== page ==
Each year, the European Environment Agency (EEA) publishes the European bathing water quality report. In 2016, water of Lake Leman, as well as 85% of bathing areas in Europe, is considered as “excellent” which is the highest grade granted. In fact water quality has increased in rivers and lakes in Switzerland in the last decades, resulting in clear water in most of the cities and bathing areas.
However, plastic is a growing issue around the world because of their low deterioration rate. Surface waters in are also concerned as demonstrated by a recent study from the Federal Office for the Environment (FOEN). The presence of microplastics in surface waters is largely unknown, and the aim of the study was to target the largest lakes in Swizerland and around the Alps to search for their presence. Those small plastics (< 5mm) formed by fragments, pellets, cosmetic beads, lines, fibres, films or foams are often derived from the fragmentation of larger plastics. The study found that the microplastics were identified in almost every sand beach as well as in the stomach of the birds and the fishes.
More recently, the “Association pour la sauvegarde du Leman” published a report in collaboration with the EPFL, on the quantity of waste found in the Leman, forming 50 tons/year. A significant part of the waste is identified as plastics of which more than 50% are originating from the dust formed by tyre wear. Plastic packaging left in the nature is estimated at a quantity of around 10 tons/year. As they are persistent, they may accumulate in the sediment, and the wildlife which can cause issues in the future.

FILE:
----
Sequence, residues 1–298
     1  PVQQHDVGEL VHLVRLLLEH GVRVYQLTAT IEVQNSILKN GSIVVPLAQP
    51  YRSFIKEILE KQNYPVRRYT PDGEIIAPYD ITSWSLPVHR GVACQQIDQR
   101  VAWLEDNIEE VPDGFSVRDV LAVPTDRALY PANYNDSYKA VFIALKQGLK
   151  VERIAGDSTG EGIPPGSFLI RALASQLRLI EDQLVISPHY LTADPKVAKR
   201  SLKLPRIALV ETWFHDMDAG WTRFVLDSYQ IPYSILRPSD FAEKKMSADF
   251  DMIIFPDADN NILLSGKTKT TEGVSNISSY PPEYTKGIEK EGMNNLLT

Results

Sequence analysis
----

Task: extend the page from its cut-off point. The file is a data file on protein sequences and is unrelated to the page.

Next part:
The plastic pollution is concerning every part of the globe, and it is important to be aware of that to try to change everyday habits. Be sure to put your waste in dedicated containers, and adapt your consumption habits to try to preserve the beautiful environment around the lakes.